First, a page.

Last weekend I bumped into Santa at a shopping mall and was reminded of a Santa Claus story crafted by Glenn Turner, which I first came across a couple of years ago, and told by him much more elegantly than I will summarize here:
A boy from a very poor family, who each year asks Santa for whatever his cousin (from a very well off family) asks for. One year a pony; the cousin gets a pony, the boy gets hand-me-down clothes.
The next year thinking he is erring in his approach, the boy carefully copies his cousin's letter to Santa word for word, politely asking for a bicycle. His cousin gets a bike; the boy gets hand-me-down clothes.
In response to this great disappointment the boy goes out behind the barn, with tear-filled eyes but with a rage-closed fist raised to the sky and says, "OK Santa, if that's the way you want to play it!" and then sets about being his own Santa Claus.
This is of course a success parable and hopefully its meaning is obvious: far too many people childishly rely on others to give, to appoint, to authorize, to promote, to grant permission, to set their life's agenda for them. Comparatively few accept full and total responsibility to be their own Santa and grant their own requests.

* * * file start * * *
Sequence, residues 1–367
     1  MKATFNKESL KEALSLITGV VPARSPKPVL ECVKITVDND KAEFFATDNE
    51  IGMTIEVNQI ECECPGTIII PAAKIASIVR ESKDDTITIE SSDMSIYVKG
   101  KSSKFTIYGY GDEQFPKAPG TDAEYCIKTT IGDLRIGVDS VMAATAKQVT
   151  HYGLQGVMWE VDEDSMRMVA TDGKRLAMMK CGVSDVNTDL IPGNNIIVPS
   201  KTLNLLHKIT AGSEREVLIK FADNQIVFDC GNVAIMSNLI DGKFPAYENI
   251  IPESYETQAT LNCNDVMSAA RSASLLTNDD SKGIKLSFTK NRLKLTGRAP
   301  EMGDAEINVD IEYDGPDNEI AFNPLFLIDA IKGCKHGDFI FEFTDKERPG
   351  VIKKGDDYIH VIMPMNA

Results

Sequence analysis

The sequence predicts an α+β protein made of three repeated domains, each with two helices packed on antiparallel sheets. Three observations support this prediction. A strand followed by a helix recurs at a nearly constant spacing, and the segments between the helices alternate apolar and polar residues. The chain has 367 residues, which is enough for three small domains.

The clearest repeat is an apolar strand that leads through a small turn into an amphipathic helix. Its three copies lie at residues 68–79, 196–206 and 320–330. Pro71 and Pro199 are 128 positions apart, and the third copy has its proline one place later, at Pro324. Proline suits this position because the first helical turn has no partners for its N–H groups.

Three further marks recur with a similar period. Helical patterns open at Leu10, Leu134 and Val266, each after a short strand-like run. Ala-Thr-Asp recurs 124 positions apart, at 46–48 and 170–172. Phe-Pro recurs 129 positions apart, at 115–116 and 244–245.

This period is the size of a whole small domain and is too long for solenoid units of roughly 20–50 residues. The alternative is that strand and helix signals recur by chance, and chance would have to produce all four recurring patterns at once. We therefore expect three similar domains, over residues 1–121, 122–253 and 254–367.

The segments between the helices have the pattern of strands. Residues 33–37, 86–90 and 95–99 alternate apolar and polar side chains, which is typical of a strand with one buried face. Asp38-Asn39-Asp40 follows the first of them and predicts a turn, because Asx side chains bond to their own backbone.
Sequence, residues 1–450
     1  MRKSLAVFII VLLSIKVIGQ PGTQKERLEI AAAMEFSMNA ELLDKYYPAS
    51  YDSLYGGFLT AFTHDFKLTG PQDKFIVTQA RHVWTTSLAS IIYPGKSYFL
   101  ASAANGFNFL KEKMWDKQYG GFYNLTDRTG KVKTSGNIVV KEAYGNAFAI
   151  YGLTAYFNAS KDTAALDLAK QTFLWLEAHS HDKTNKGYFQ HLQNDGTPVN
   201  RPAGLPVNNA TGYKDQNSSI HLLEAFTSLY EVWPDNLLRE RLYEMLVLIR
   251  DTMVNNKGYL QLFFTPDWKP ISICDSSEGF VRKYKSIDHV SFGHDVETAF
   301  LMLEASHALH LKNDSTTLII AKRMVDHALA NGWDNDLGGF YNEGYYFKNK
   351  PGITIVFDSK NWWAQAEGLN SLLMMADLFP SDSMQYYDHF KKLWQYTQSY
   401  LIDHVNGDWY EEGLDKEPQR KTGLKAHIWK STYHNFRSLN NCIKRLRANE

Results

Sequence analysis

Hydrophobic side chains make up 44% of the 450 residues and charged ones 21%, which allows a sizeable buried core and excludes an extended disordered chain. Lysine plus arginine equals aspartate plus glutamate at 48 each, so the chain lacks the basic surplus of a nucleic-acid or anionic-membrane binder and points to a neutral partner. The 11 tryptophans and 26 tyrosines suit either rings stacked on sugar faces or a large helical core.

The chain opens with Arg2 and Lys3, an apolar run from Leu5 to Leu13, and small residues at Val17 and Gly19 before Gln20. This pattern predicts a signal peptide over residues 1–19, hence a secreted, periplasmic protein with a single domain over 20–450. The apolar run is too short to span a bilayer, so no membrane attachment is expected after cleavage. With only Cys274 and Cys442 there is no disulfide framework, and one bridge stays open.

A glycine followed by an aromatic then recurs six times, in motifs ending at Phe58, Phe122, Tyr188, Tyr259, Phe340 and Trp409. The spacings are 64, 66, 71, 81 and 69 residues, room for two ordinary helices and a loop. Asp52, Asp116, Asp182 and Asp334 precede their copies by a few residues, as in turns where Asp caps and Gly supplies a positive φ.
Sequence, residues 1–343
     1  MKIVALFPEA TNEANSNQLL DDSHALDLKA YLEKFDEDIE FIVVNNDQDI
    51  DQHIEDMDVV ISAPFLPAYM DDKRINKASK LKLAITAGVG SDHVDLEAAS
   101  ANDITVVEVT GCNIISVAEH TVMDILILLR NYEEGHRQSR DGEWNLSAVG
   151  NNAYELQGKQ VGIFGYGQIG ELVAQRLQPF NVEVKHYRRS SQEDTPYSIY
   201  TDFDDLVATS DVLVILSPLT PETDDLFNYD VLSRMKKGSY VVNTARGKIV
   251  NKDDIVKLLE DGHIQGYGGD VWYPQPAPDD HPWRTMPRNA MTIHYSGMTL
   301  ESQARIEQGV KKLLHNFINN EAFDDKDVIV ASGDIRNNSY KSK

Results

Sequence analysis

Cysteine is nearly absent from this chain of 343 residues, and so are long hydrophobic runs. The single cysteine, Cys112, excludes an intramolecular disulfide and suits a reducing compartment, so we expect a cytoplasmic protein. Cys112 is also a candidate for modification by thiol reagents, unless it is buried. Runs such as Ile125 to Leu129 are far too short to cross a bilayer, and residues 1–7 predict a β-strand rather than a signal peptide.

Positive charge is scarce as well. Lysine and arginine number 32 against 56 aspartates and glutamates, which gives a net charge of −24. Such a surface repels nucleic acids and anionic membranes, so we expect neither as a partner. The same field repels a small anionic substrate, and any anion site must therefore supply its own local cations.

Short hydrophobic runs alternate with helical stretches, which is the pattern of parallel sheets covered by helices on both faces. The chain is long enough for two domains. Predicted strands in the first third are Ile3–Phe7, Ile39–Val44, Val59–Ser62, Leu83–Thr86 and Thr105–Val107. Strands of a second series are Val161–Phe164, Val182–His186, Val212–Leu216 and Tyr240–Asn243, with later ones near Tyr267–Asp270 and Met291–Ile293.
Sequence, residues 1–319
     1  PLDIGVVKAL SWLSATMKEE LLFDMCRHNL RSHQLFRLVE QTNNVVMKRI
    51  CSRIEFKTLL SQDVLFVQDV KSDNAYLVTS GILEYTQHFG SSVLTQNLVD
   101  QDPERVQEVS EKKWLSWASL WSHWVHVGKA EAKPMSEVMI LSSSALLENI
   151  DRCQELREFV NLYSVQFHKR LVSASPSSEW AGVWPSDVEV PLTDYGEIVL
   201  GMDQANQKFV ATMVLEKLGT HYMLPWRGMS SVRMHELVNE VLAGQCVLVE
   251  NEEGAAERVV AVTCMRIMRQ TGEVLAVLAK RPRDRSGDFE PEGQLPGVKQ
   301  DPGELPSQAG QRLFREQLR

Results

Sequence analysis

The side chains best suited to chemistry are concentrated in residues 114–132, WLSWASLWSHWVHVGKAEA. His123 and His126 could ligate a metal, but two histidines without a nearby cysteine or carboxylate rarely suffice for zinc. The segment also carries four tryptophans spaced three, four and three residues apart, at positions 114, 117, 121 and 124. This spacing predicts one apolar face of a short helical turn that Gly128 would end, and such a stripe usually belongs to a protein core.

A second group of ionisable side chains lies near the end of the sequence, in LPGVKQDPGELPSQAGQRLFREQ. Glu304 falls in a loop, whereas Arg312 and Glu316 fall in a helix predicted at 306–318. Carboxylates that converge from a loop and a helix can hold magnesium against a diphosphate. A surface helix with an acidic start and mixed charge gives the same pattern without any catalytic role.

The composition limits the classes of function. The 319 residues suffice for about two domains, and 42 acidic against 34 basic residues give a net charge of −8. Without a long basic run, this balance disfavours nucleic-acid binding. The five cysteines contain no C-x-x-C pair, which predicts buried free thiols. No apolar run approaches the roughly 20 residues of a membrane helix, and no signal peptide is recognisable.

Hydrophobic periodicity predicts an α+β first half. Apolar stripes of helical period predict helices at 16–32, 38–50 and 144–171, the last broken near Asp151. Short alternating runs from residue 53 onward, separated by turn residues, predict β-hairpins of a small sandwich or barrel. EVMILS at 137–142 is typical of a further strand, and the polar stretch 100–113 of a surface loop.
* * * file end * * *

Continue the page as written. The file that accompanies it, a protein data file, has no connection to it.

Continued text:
Fact is, there isn't any fat guy in a red suit coming down your chimney to bring you that new boat you've been lusting after, or that fat retirement account that'll guarantee your security.
But acknowledgement of this grim reality is empowering - just like it was for the boy in the above story.
So it's in this context that my wish for you in 2011 is that you 'write your own ticket'. Make no small plans, no big compromises. Set, pursue and achieve a lot of goals. Resist mediocrity and ignore less creative or ambitious peoples' criticisms or disapproval.